In Turner’s debut novel, a young man traveling through Alaska meets a mysterious figure in the wilderness who instructs him on the true nature of wisdom.
Gabriel is a young college student looking for adventure. While backpacking with friends in Alaska and hoping to earn money working on the new pipeline, Gabriel goes for a solitary moonlight walk and encounters a flute-playing mountain man. This strange, elderly man has a wolf and a raven as companions. Although he looks shaggy and scraggly, he turns out to be highly cultured. His cabin, which appears to be bigger inside than out, has a good library, Persian carpets and a baby grand piano. He and Gabriel have a wide-ranging conversation in which Gabriel learns, among other things, to use strength in service to others, to not mistake humility for weakness, to question one’s own truths and to seek wisdom. Turner, who has lived in Alaska for 30 years, writes vivid and evocative descriptions of nature: “Rough-hewn mountains rose to the sky all around, and the forests carpeted them as far up as they could before losing breath and the ability to climb any higher.” Once Gabriel meets the wizard, however, the novel’s focus turns to the old man’s teachings, conducted in a single overnight conversation. “I had always enjoyed campfire philosophy and mountaintop metaphysics,” says Gabriel, and readers who feel similarly will enjoy this book. Gabriel learns about the Noble Arts (including language, listening, patience, imagination, influence, finance and giving) and the two Great Powers of the Spirit (the abilities to love and create). Although this information is imparted with liveliness and humor, some readers may find much of it familiar—a conglomeration of well-known ideas from literature, self-help books, New Age philosophy, psychology and other tales of shamanic encounters.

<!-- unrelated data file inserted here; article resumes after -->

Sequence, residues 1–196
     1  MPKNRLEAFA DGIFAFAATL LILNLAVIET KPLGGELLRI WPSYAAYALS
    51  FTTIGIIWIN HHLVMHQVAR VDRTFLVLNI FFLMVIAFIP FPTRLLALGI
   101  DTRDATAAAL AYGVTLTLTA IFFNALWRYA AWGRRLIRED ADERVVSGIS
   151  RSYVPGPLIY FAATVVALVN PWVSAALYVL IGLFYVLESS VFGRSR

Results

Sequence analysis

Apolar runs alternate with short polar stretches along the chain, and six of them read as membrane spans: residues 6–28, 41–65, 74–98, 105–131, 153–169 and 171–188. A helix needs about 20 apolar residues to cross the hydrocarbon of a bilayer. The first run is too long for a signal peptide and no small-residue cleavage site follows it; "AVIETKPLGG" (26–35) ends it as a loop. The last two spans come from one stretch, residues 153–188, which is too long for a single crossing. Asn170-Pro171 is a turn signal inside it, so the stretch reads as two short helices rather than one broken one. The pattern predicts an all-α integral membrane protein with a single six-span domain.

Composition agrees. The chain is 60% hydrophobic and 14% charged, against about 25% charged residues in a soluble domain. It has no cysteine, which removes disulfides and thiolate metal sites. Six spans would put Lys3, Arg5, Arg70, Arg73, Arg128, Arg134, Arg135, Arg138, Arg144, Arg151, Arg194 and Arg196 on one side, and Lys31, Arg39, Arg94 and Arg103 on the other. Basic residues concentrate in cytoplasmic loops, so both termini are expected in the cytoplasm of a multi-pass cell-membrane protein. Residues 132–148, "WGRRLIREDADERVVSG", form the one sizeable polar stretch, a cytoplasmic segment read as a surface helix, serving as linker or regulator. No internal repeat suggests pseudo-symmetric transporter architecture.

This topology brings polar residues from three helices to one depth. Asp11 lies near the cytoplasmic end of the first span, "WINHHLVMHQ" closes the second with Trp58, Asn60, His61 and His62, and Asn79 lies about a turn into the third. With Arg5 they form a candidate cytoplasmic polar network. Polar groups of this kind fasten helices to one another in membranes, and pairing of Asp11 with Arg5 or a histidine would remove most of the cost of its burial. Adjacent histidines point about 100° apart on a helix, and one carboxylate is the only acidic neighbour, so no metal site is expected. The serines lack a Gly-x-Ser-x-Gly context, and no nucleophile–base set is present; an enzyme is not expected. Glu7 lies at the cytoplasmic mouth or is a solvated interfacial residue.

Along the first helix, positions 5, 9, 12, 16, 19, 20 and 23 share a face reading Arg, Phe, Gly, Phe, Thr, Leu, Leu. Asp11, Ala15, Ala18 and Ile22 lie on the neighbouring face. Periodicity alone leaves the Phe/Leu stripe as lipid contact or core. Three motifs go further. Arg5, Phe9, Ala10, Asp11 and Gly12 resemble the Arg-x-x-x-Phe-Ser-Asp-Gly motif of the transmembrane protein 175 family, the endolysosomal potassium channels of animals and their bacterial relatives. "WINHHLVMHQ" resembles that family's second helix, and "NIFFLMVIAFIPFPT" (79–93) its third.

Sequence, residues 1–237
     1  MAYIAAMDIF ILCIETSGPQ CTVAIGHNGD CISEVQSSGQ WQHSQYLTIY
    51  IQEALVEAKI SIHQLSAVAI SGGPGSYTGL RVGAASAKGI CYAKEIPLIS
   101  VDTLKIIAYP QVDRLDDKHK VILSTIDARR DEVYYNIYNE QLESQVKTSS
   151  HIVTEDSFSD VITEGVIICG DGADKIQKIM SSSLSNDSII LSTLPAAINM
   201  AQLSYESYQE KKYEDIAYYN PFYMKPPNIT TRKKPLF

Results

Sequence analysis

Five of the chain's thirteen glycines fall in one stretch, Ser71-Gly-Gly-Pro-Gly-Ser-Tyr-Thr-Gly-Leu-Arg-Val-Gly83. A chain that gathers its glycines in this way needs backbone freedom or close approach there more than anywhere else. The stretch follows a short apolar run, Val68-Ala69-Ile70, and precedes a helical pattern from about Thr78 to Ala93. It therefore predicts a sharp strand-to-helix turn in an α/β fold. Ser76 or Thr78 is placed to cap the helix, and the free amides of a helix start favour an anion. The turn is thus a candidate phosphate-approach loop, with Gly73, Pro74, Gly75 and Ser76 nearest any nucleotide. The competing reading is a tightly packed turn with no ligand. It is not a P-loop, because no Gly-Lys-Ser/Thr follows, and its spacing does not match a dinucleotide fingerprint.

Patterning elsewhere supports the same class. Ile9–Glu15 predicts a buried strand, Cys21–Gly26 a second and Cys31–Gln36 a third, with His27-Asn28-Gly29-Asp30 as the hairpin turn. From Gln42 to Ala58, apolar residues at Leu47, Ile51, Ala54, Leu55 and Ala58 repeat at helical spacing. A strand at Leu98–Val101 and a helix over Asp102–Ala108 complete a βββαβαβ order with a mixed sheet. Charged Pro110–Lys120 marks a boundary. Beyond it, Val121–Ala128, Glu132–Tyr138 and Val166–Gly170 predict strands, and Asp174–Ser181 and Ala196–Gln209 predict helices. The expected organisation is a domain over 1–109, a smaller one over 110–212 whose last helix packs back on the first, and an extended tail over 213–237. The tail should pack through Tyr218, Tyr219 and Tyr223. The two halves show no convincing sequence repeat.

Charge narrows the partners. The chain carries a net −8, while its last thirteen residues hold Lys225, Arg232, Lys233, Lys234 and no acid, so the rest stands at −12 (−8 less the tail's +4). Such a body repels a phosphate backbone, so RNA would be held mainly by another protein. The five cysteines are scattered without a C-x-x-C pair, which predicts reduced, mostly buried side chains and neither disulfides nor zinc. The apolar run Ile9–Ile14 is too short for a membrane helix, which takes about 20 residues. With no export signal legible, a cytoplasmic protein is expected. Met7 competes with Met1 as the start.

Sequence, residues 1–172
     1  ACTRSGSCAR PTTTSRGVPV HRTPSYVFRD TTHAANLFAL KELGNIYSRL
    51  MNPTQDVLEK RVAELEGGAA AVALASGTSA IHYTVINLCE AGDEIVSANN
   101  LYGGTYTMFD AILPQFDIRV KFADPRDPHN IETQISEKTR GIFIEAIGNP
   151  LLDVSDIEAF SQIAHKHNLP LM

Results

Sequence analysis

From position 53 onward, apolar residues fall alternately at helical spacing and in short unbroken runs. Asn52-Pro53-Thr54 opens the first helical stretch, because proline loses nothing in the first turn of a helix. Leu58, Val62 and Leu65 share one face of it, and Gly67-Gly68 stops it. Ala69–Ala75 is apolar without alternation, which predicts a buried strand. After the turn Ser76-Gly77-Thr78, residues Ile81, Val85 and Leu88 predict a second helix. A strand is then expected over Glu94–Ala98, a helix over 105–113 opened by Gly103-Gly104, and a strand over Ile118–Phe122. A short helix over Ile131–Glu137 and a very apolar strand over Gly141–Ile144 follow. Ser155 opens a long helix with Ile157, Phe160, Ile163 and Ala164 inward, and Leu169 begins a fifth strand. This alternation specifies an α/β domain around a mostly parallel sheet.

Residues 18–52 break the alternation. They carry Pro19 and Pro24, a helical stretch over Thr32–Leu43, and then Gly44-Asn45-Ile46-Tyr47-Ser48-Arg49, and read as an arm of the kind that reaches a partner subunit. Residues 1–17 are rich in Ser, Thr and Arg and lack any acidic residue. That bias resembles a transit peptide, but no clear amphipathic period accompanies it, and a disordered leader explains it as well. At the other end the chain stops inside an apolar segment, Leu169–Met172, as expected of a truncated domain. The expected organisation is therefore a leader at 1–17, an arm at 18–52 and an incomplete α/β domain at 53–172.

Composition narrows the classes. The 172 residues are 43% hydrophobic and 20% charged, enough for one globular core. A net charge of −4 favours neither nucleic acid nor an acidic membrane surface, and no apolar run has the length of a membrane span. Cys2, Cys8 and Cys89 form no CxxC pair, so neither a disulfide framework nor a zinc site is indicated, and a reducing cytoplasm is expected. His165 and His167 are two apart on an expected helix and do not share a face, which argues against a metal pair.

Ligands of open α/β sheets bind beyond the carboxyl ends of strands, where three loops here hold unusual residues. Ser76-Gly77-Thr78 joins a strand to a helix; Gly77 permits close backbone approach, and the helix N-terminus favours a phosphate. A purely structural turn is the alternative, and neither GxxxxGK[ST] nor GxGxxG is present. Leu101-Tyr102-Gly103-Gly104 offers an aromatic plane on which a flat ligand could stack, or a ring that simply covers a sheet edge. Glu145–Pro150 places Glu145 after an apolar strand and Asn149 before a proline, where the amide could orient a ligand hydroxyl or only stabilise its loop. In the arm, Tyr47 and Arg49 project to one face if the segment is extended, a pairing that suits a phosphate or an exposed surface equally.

A warmhearted, if not groundbreaking, work about the transmission of wisdom.